Coffee that tastes better -- and costs less
Save 50% -- and improve quality -- with a simple frugal tactic.
Buying green coffee beans and roasting them at home is surprisingly simple, and unroasted beans are about half the price.
The savings, though considerable, aren't the only reason to do this.
Freshly roasted coffee just tastes better, according to these aficionados. Not only do you get to toast the beans to your personal preference, smaller batches means the finished product is always fresh. Pre-roasted beans "lose flavor in a matter of days," notes Mark Frauenfelder on Craftzine.com. (Post continues after video.)
Frauenfelder roasts using a $25 popcorn popper. (Note: I see that appliance regularly in thrift stores.)
The smoke and the chaff
Not everyone's a fan of that method. In a post on MyRecipes.com, Mary Ostyn claims that the coffee "tends to overheat and ruin the popper."
She roasts in a cast-iron skillet on the backyard barbecue, to keep her living area free of any smoke as well as the chaff that puffs up as the beans split. (Frauenfelder pops his coffee outdoors for the same reason.)
A site called Coffee Hut posted a video showing how to roast coffee on a kitchen stove. You can see some chaff in the work area, and the woman in the video mentions "a little bit of smoke."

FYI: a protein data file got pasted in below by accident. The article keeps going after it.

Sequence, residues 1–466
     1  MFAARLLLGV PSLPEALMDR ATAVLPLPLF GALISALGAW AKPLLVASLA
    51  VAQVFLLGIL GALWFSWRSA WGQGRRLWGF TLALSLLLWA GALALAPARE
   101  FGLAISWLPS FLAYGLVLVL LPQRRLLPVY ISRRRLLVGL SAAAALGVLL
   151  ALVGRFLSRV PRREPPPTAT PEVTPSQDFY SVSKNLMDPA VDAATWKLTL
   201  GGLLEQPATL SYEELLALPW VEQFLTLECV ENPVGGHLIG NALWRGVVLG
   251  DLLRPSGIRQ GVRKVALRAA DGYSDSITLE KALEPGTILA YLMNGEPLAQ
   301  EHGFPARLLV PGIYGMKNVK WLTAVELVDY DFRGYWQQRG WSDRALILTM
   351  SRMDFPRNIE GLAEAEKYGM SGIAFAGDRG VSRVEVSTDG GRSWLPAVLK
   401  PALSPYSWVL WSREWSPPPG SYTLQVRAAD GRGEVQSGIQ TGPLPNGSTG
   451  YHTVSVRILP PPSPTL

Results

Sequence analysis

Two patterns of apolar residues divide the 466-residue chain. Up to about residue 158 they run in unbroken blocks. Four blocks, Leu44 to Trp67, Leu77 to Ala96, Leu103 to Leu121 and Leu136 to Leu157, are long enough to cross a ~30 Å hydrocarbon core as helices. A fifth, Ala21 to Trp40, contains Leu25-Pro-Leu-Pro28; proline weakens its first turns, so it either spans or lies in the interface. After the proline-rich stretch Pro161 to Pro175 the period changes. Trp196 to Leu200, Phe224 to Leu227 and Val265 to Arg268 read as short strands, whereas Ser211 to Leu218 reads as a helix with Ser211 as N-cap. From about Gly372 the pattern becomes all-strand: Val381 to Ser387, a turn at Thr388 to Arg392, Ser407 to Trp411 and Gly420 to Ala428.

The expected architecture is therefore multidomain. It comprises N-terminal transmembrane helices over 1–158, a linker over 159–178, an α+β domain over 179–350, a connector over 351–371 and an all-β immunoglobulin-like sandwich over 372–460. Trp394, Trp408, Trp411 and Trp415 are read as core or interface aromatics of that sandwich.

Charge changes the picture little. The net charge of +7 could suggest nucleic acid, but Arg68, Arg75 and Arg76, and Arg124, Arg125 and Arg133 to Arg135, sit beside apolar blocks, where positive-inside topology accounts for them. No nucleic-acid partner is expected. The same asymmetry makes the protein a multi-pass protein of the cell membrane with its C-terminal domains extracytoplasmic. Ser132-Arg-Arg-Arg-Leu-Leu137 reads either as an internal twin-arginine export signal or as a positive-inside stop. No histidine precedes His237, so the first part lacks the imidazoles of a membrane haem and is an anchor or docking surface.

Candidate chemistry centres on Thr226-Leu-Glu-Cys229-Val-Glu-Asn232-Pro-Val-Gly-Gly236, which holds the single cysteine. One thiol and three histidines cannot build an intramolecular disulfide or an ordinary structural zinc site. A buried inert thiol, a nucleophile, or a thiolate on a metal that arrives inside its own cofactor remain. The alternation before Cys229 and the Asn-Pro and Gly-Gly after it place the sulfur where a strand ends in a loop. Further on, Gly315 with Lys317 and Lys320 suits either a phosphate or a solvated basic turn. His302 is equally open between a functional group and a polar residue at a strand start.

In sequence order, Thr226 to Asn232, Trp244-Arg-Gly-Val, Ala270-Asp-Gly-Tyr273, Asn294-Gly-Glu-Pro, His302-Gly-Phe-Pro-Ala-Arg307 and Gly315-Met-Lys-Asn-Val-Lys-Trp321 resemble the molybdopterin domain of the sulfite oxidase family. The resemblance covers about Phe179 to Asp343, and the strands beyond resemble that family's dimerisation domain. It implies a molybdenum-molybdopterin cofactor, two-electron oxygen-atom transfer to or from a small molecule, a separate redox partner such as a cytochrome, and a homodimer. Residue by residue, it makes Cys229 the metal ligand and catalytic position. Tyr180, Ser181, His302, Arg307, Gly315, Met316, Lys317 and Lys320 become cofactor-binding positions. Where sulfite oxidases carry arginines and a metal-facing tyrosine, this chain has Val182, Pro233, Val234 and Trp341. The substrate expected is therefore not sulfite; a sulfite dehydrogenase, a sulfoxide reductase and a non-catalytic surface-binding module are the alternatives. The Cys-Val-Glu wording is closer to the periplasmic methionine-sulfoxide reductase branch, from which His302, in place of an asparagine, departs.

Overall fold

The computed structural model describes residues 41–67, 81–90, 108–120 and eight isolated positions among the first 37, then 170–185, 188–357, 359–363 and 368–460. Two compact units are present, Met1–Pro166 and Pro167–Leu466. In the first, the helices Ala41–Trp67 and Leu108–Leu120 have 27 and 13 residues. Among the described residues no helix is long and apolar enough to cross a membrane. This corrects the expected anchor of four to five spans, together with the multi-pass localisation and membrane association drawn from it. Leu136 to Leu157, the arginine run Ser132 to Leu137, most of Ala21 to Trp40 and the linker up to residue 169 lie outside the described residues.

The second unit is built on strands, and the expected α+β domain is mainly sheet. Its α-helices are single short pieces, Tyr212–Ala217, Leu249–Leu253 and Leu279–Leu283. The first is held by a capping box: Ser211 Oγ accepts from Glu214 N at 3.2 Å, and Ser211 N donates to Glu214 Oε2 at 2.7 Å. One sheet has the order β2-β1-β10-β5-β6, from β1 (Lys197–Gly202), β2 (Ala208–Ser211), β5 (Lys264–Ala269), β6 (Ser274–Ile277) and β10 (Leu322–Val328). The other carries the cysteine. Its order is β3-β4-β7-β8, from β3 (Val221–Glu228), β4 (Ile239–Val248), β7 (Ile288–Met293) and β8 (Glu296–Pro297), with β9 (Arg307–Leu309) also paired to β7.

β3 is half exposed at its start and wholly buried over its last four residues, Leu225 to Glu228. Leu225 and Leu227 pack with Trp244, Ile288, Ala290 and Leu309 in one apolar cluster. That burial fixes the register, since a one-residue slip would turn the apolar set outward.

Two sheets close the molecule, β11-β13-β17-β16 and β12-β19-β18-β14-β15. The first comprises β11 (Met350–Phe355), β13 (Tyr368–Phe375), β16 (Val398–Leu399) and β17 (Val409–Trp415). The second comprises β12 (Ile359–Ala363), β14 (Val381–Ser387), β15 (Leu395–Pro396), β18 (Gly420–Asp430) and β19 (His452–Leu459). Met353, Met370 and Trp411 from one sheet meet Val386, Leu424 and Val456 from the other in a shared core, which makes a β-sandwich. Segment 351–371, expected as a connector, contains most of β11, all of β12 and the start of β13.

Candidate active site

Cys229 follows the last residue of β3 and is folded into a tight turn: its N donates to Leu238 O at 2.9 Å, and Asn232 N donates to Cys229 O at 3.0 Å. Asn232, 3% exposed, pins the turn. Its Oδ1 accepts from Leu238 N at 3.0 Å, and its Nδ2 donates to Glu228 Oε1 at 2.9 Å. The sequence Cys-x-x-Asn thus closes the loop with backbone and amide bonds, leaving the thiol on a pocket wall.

Where and how you roast is up to you. But how to find green coffee beans?
Save some green on green beans
If you're lucky, you live near a specialty shop such as Fante's in Philadelphia or Mr. Green Beans in Portland, Ore.
If not? Do an Internet search for online sources. Two money-saving possibilities:
- Order them from Amazon.com with gift cards you get from the Swagbucks rewards site.
- Order them through a cash-back shopping site for an additional discount.
Happy sipping, and happy savings.
Readers: Ever roasted coffee at home? Have any tips to share?
More on MSN Money:
Fact is that roasting your own takes personal time and an energy bill. If you're unemployed, maybe you have nothing better to do. But it's a wash on the economics argument for most people.
With the chaff and smoke issues, this turns into a science project. With the energy (outside grille or inside stove) issue, given that I have to buy the energy, it also becomes a waste of time.
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Donna Freedman, a writer based in Anchorage, Alaska, writes the Frugal Nation blog for MSN Money. She won regional and national prizes during an 18-year newspaper career and earned a college degree in midlife without taking out student loans. Donna also writes about the frugal life for her own site, Surviving and Thriving.
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